We get back to the regular cards with a perennial All-Star and a personal favorite in Thurm here. This may be the first of Munson's cards with his signature mustache - his '73 one had him in an action profile shot so it was hard to tell. Thurm was an easy guy to love if you were a Yankee fan with his clutch hitting and irascible nature. He was probably an easier opponent to hate with his clutch hitting and irascible nature. He was a pain in the butt at the plate when his adjustments of his body and uniform between each swing seemed to single-handedly add about 20 minutes to each game. And he was not exactly a fun guy for the media: if they paid attention to him he'd feel crowded; if they left him alone, he'd pout because he felt ignored. But you had to love his confidence: when asked he said that if he and Carlton Fisk were on the same team, "Fisk had better learn a new position." No surprise they got in all those fights. '73 was a pretty good season for Munson though. Even though he probably got the worst of that year's brawl with Fisk, he turned his offense up a notch, hitting above .300 with his first real power: 20 homers and 74 RBI's. He was an All-Star and Topps gave him a "10" card. It was a good preview year of what was to come. Here he poses with something resembling a smile in Florida during spring training as his teammates behind him do an admirable job of not sliding right off what appears to be a very tilted field.
Thurman Munson was born and raised in and around Canton, Ohio, the site of the NFL Hall of Fame. Fittingly he played football, as well as basketball and baseball in high school where he was all-state in all three sports. Upon graduating in '65 he was an understandably hot property and he opted to go to close by Kent State on a baseball scholarship. When he went to college he continued to play shortstop, his high school position, and after playing local ball his first summer in '67 he went to play in the Cape Cod League where he won the batting title with a .420 average. It was there that a Yankee scout spotted him and wanted to sign him on the spot. But back then there was a rule that any college player that was under 21 and had already put in two years of college ball couldn't sign with a pro team until he turned 21. So Thurm returned to Kent State and by the spring had gained 20 pounds - to about 195 - and his coach had him play catcher. After he turned 21 that June the Yankees made him their first rounder and gave him a $75,000 bonus. He hit the ground running, posting a .301 average the rest of the summer in Double A ball. He then missed the first part of the '69 season to finish up his Army hitch. When he returned in July he put up a .363 average with a .435 OBA in 28 games. That August he was called up to the Yankees.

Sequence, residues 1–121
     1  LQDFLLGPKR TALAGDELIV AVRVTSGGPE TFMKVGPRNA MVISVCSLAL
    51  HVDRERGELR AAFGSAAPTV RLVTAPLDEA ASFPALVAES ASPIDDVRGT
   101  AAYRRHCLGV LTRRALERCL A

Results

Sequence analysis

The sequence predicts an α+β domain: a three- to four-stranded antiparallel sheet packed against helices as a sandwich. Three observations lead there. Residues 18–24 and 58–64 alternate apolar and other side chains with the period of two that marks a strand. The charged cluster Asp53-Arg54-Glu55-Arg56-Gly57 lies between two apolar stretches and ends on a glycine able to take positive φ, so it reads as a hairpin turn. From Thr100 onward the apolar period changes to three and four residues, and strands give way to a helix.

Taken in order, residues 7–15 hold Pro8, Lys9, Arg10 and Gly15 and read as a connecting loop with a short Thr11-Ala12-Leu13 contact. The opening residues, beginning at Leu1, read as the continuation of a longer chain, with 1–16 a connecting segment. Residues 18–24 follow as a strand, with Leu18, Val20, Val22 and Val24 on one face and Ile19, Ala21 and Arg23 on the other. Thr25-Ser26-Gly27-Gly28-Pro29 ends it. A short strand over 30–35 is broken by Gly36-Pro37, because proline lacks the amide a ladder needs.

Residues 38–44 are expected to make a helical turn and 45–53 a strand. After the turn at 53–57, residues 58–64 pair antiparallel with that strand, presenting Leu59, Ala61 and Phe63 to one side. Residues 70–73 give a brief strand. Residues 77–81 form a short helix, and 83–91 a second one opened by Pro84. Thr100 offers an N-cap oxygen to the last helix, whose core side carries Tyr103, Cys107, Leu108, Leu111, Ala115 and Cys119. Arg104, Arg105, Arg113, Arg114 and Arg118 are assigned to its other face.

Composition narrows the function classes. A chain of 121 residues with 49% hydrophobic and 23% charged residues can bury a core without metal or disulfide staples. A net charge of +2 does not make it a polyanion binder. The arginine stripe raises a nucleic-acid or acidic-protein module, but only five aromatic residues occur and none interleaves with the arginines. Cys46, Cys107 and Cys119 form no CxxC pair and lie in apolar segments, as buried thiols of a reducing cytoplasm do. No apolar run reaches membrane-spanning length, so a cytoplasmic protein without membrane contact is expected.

When Munson showed up in NY the team's two catchers were Jake Gibbs, a former college football star, and Frank Fernandez, who was a rookie the prior season. Both were pretty good behind the plate but they had light averages and only Fernandez had any real power. Munson moved pretty seamlessly into the grid, impressing everyone with his ability to take control of the game and his confidence at the plate. He also picked off more than half the runners who tried to steal on him despite his unorthodox three-quarter throwing motion. When he returned in '70 he got off to a one for thirty start at the plate. But manager Ralph Houk kept him in as the starter and Thurm hit .316 the rest of the way to be the first AL catcher to win Rookie of the Year. Then in '71 he experienced an offensive slowdown as his average slid 50 points in part due to an injury that affected his hand-eye for a while. That injury was caused by a play while catching in which Thurm was steamrolled by Orioles catcher Andy Etchebarren and was knocked unconscious, dropping the ball. It was the only error Munson had all season and his defense that year shone as he nailed 61% of would-be base stealers to lead the AL. He also got his first All-Star pick that year. In '72 the average bounced back by 30 points and in '73, on top of what was listed above, he won his first of three consecutive Gold Gloves at catcher.